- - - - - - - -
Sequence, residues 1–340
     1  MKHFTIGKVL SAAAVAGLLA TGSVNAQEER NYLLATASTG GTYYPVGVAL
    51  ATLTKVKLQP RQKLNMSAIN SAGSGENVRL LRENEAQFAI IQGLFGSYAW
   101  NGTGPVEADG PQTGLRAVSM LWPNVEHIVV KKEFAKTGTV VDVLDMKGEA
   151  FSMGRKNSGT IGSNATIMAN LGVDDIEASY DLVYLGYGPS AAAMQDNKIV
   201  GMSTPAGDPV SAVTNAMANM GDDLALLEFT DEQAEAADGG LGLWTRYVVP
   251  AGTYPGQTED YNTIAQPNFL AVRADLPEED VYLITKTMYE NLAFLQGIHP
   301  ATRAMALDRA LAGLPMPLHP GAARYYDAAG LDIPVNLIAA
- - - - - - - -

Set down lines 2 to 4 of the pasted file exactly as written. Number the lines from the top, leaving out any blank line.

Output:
     1  MKHFTIGKVL SAAAVAGLLA TGSVNAQEER NYLLATASTG GTYYPVGVAL
    51  ATLTKVKLQP RQKLNMSAIN SAGSGENVRL LRENEAQFAI IQGLFGSYAW
   101  NGTGPVEADG PQTGLRAVSM LWPNVEHIVV KKEFAKTGTV VDVLDMKGEA